But Malashenko believes that this isn’t the only reason Russia is unable to shape political developments from afar. “Four years ago in Moscow they could have thought about trying to restore the old regime. But now that is impossible. Georgia is becoming a new country. That doesn’t mean it will be completely successful. It is just something else,” said Malashenko.
For that reason Georgia cannot be compared with Ukraine and Kyrgyzstan, where Russia still wields influence, he said: Georgia has already become “more modern and more normal, in spite of Saakashvili’s tricks.” “I think Moscow finally will change its policy with Georgia because they have begun to understand that Georgia is a special case,” he said.
UNM’s performance at the local elections has shaken one of the main tenets of Russia’s line on Georgia. “The Russians are definitely not happy with the results because the model they have always put forward is that Saakashvili is one thing and that the nation is another thing. They say: ‘get rid of Saakashvili and the Georgians and Russians will love each other’,” said Rondeli. “It’s a magic formula for them.” Now that the UNM has garnered 66 percent of the vote, it is unrealistic to draw a distinction between the leadership and the people.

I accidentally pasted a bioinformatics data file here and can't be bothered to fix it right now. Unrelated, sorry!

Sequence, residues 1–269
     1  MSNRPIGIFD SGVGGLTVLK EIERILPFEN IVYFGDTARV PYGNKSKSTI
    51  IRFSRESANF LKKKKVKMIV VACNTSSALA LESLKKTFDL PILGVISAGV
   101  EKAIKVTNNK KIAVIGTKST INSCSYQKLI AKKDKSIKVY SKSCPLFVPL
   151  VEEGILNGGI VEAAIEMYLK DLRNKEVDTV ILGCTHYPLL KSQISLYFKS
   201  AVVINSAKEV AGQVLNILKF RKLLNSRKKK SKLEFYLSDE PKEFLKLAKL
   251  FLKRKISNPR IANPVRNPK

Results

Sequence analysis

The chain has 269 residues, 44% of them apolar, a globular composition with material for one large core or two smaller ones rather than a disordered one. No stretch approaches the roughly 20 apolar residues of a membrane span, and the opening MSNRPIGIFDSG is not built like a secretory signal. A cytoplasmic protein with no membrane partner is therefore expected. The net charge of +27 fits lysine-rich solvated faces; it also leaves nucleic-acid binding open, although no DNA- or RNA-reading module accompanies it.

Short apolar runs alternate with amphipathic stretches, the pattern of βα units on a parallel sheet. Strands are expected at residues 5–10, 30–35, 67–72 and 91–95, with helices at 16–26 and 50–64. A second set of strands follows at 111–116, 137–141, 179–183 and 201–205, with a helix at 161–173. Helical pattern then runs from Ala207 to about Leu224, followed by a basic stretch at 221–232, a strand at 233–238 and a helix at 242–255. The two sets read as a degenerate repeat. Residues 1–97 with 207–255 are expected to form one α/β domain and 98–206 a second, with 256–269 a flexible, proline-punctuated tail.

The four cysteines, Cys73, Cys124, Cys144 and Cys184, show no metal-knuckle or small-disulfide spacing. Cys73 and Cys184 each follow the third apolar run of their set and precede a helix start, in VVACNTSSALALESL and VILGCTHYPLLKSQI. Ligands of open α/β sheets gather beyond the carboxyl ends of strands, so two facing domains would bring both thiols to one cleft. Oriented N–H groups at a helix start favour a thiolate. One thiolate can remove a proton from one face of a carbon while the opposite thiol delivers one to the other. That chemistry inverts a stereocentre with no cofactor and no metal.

Malashenko said that Georgia now finds itself at “crossroads.” As the Georgian president stamps down his authority domestically he can now focus more on the international stage. With Barack Obama’s administration showing less interest and relations with Moscow still in the deepest freeze, Saakashvili has started scratching around for new international partners. Unusually, so far Tbilisi’s sights seem to be set on two of the main regional powers: Turkey, Russia’s ever closer partner, and Iran, the United States’ sworn enemy.
A week ago the Georgian president revealed that Tbilisi and Tehran had agreed to scrap visas for travel between the two countries, and were actively seeking to boost mutual trade and implement cooperation on agriculture. Saakashvili stressed that relations with Iran would not sour its other important relationships, presumably referring to Washington. “We are not self-murderers. We’ll do everything that is rational,” he said. The Russians certainly would beg to differ on this last point. But what now seems clear is that the Saakashvili dynasty is here to stay, and if there is to be any progress in relations Russia will have to come to terms with Saakashvili or his UNM successor.